A signal processor 34 analyzes the output of array 30, so as to determine a distribution of the flux of X-ray photons reflected from sample 22 as a function of elevation angle φ at a given energy or over a range of energies. Processor 34 typically comprises a general-purpose computer with suitable input circuits for receiving the detector output, and software for analyzing the reflected radiation intensity, as described in the above-mentioned U.S. patent application Ser. No. 09/833,902. Typically, sample 22 has one or more thin surface layers, such as thin films, so that above the critical angle for total external reflection, the distribution of intensity as a function of elevation angle exhibits an oscillatory structure, due to interference effects among reflected X-ray waves from the interfaces between the layers. The oscillatory structure has a well-defined shoulder, corresponding to the critical angle, below which the reflectance of the surface is nearly 100%. Methods for measuring the critical angle (and an alternative method for determining the zero angle of a sample based on the critical angle) are described further in U.S. patent application Ser. No. 10/078,640, filed Feb. 19, 2002, which is assigned to the assignee of the present patent application, and whose disclosure is incorporated herein by reference.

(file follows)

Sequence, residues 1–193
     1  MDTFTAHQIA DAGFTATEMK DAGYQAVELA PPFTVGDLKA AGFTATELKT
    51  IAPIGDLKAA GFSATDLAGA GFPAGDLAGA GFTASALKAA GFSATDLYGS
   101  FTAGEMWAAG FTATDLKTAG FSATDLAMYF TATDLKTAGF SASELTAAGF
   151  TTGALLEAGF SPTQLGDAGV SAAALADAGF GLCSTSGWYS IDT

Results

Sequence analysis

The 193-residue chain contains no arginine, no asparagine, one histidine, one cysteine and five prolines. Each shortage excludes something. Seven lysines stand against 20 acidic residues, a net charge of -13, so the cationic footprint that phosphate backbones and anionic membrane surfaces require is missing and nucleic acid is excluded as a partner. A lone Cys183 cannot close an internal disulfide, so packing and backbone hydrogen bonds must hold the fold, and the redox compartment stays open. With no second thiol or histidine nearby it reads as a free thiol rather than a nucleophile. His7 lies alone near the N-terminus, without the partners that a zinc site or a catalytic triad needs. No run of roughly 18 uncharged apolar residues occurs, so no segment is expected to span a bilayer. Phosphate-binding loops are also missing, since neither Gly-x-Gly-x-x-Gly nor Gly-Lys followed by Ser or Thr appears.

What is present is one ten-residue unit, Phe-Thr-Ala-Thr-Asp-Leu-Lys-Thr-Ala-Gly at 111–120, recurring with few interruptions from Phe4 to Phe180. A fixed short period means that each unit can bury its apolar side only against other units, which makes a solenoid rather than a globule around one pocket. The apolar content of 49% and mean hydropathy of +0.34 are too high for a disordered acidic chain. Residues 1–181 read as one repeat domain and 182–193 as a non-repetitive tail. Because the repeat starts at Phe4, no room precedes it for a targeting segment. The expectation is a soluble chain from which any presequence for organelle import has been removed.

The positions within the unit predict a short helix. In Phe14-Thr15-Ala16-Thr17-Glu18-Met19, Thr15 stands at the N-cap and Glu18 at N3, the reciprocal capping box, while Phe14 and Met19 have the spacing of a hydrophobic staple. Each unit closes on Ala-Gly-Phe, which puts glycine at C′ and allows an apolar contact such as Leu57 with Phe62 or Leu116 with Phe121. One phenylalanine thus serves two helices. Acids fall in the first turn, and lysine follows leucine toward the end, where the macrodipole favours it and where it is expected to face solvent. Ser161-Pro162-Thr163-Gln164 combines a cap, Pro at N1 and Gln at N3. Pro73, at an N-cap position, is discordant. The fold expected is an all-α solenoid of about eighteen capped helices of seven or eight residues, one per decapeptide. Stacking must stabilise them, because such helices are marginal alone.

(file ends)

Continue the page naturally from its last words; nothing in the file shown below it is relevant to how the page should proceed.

FIG. 2 is a schematic side view of sample 22, showing details of the radiation incident on the sample and reflected therefrom. The radiation emitted by source 26 (FIG. 1) is focused by optics 28 into a converging cone, whose approximate edges are represented by arrows 38 and 40 in FIG. 2. Thus, X-rays are incident on the surface of sample 22 over a range of angles, between the upper limit represented by arrow 38 and the lower limit represented by arrow 40. Preferably, the tilt angle ω of sample 22 in system 20 is set so that the lower bound of the converging cone is slightly below the plane of the sample surface, as shown in the figure. This arrangement ensures that the zero angle of the surface is included within the cone. (Of course, radiation incident on the sample in the lower part of the incident beam, below the sample surface, is cut off at the side of the sample and is not actually incident on the surface.)